Football teams, at their highest-functioning level, are like electrical wiring. Without a complete circuit, something to close the loop, nothing happens.
Sometimes that link comes through a player, sometimes a moment that catalyzes the proceedings, but without that linkup, that bit of solder, it’s just a bunch of dead wires.
At the end of a wild affair at Levante, in which the opponent essentially did a Frankfurt, aided by a barely competent ref, Barça played two halves of football that couldn’t have been more different, defined by the closing of circuits.
As Levante pressed, pushed, shoved and ball hawked, Nico Gonzalez, awarded a starting role by Xavi, looked completely out of his element. Tentative, over aggressive when he wasn’t tentative, not linking play anywhere, he was just a mess. At his best, it should be noted, he still isn’t that kind of player, instead a box-to-box catalyst more than a player you can rely upon to do the kind of work necessary to propel an attack. But you can get away with it facing a more passive opponent. Levante wasn’t that opponent.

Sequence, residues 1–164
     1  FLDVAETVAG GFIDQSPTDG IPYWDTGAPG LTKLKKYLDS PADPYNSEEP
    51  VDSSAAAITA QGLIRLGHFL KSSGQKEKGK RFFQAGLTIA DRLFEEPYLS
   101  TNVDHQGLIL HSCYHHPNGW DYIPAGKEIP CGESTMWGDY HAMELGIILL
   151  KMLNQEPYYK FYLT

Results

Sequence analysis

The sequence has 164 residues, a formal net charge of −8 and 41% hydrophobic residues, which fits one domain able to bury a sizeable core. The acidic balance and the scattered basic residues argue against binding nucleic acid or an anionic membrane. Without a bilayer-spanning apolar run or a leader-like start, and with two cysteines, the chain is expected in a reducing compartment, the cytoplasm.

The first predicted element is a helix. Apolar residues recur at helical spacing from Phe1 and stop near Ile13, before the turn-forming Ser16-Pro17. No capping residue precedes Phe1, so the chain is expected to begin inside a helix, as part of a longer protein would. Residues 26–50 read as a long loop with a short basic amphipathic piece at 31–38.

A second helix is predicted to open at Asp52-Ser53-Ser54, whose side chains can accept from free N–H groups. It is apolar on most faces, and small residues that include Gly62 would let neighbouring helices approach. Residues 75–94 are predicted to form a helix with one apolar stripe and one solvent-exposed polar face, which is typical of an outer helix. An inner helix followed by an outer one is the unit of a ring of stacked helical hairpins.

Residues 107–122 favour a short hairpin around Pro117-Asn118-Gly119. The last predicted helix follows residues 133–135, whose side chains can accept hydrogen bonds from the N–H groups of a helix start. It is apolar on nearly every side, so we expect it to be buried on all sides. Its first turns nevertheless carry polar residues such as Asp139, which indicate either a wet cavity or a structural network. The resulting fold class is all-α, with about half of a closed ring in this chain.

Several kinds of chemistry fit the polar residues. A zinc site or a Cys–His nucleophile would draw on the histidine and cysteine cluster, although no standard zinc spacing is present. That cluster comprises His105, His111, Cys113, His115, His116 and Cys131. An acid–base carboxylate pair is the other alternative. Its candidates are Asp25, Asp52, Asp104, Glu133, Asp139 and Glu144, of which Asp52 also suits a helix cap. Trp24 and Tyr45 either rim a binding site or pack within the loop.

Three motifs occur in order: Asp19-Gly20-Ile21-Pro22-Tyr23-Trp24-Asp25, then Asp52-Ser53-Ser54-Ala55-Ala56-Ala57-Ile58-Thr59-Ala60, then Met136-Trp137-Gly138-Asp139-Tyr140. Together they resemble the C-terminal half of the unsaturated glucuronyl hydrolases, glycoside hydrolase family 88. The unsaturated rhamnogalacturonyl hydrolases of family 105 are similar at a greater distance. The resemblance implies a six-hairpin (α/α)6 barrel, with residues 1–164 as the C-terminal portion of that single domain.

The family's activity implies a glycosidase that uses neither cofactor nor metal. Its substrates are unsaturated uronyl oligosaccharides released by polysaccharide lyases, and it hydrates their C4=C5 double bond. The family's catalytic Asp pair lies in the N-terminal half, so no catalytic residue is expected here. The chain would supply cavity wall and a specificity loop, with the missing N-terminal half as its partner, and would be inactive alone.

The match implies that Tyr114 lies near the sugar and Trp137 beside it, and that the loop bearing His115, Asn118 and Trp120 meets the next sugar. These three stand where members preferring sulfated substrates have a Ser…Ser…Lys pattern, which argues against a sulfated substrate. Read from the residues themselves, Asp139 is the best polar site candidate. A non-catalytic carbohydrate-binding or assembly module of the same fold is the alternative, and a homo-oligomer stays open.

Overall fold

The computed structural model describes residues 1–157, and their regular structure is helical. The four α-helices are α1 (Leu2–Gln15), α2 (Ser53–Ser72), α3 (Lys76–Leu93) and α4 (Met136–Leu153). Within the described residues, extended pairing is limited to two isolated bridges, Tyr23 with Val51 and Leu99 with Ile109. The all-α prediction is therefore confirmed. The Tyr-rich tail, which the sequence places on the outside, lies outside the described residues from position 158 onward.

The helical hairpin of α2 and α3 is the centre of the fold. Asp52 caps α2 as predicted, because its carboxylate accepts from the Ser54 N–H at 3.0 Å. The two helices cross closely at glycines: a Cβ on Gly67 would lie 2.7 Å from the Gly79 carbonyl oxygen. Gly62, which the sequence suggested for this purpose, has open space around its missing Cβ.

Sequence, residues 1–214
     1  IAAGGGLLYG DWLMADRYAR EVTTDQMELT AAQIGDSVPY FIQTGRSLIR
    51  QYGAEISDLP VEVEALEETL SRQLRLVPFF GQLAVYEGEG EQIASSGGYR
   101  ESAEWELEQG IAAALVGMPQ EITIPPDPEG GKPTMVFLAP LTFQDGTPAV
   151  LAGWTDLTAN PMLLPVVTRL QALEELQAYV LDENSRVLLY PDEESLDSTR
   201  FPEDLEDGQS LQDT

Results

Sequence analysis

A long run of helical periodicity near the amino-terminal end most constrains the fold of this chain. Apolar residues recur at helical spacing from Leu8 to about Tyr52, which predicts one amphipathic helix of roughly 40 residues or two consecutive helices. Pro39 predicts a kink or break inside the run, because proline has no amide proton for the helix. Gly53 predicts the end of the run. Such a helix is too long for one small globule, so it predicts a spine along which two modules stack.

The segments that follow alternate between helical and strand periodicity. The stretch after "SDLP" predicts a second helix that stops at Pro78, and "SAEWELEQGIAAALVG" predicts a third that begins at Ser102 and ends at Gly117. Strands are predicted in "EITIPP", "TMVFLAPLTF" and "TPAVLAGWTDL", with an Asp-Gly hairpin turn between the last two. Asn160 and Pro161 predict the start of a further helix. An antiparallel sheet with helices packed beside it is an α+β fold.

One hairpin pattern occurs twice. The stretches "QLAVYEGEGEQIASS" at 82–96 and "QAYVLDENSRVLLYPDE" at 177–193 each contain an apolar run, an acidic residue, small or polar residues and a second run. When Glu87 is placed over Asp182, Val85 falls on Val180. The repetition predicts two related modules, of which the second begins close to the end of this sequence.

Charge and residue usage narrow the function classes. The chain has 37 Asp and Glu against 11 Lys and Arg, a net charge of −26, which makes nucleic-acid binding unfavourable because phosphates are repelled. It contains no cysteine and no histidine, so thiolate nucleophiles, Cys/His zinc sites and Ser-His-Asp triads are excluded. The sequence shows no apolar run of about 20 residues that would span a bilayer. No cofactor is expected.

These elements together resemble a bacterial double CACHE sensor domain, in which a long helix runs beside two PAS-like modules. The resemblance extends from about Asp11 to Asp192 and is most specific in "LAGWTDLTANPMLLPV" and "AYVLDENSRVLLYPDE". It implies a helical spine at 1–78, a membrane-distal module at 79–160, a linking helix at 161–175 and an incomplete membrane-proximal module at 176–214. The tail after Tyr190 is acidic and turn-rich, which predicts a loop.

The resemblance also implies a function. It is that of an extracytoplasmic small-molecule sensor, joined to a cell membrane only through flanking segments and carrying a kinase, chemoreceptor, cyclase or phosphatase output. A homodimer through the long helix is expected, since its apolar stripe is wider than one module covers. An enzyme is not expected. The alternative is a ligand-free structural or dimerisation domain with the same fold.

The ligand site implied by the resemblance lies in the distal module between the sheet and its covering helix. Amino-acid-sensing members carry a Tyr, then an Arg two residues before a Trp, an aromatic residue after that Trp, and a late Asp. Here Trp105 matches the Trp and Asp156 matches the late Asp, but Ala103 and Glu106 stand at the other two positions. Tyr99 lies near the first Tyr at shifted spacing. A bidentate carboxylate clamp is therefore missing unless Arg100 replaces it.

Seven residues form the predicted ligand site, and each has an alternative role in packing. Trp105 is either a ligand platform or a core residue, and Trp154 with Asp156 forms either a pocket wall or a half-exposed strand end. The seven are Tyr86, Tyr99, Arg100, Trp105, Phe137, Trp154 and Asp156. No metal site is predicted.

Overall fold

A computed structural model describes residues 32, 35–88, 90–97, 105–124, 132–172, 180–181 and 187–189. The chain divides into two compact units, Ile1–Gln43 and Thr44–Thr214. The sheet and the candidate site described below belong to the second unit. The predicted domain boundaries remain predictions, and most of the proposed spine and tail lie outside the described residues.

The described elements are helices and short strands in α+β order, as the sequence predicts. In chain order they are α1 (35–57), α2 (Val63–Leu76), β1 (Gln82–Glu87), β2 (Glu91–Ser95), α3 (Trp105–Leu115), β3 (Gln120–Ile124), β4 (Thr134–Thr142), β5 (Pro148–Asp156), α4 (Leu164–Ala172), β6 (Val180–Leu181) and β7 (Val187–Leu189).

This also left Busquets trying to force passes and close spaces, made Dembele have to come deeper to get passes, leaving him more space to cover, with Aubameyang almost at the halfway mark, trying to link play with his one-touch boondoggles that found blaugrana shirts more often than lavender ones.
Levante found joy in jumping the passing lanes and taking off on fast counters, usually up the wings, efforts that found Barça’s defensively bereft fullbacks wanting, time and again. Like Frankfurt, that approach created dividends even if, also like Frankfurt, Levante found itself wanting in the final third, except for an extraordinary sequence that found Jose Morales, aka Commandante, making an unlikely, slaloming run through the Barça defense. He even deked down Araujo until somehow Ter Stegen bolted from his line to parry the shot enough for Eric Garcia to clear it off the line.